Show Figures

Figure 1

Communication
Hydrodynamics-Based Transplacental Delivery as a Useful Noninvasive Tool for Manipulating Fetal Genome
Cells 2020, 9(7), 1744; https://doi.org/10.3390/cells9071744 - 21 Jul 2020
Viewed by 668
Abstract
We previously demonstrated that the injection of pregnant wild-type female mice (carrying enhanced green fluorescent protein (EGFP)-expressing transgenic fetuses) at embryonic day (E) 12.5 with an all-in-one plasmid conferring the expression of both Cas9 and guide RNA (targeted to the EGFP cDNA) complexed [...] Read more.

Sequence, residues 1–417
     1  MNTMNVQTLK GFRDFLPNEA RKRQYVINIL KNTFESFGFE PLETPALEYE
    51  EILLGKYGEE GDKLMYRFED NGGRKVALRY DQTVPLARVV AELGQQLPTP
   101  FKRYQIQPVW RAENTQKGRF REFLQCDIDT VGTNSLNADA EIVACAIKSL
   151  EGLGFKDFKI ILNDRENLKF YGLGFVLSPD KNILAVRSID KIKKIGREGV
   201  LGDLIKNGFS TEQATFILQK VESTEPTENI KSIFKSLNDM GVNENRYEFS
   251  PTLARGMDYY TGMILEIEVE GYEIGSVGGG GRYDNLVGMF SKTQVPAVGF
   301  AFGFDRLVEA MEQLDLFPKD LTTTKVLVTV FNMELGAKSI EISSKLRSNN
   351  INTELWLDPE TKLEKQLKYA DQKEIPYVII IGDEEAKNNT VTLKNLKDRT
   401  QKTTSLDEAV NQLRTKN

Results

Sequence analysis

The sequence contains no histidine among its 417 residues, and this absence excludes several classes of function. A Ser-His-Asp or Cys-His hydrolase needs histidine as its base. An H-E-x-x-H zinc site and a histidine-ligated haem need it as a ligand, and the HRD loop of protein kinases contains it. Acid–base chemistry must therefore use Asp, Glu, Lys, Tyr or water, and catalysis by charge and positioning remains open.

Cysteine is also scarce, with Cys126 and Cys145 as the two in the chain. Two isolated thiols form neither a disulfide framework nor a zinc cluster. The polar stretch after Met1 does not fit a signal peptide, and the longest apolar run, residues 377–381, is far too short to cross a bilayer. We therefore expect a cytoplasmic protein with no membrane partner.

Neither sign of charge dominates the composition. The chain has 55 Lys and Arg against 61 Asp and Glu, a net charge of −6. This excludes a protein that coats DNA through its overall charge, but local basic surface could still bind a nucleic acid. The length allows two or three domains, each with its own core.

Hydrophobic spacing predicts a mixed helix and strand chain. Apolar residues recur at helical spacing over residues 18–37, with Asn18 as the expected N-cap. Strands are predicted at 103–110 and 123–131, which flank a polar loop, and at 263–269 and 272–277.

We previously demonstrated that the injection of pregnant wild-type female mice (carrying enhanced green fluorescent protein (EGFP)-expressing transgenic fetuses) at embryonic day (E) 12.5 with an all-in-one plasmid conferring the expression of both Cas9 and guide RNA (targeted to the EGFP cDNA) complexed with the gene delivery reagent, resulted in some fetuses exhibiting reduced fluorescence in their hearts and gene insertion/deletion (indel) mutations. In this study, we examined whether the endogenous myosin heavy-chain α (MHCα) gene can be successfully genome-edited by this method in the absence of a gene delivery reagent with potential fetal toxicity. For this, we employed a hydrodynamics-based gene delivery (HGD) system with the aim of ensuring fetal gene delivery rates and biosafety. We also investigated which embryonic stages are suitable for the induction of genome editing in fetuses. Of the three pregnant females injected at E9.5, one had mutated fetuses: all examined fetuses carried exogenous plasmid DNA, and four of 10 (40%) exhibited mosaic indel mutations in MHCα. Gene delivery to fetuses at E12.5 and E15.5 did not cause mutations. Thus, the HGD-based transplacental delivery of a genome editing vector may be able to manipulate the fetal genomes of E9.5 fetuses. Full article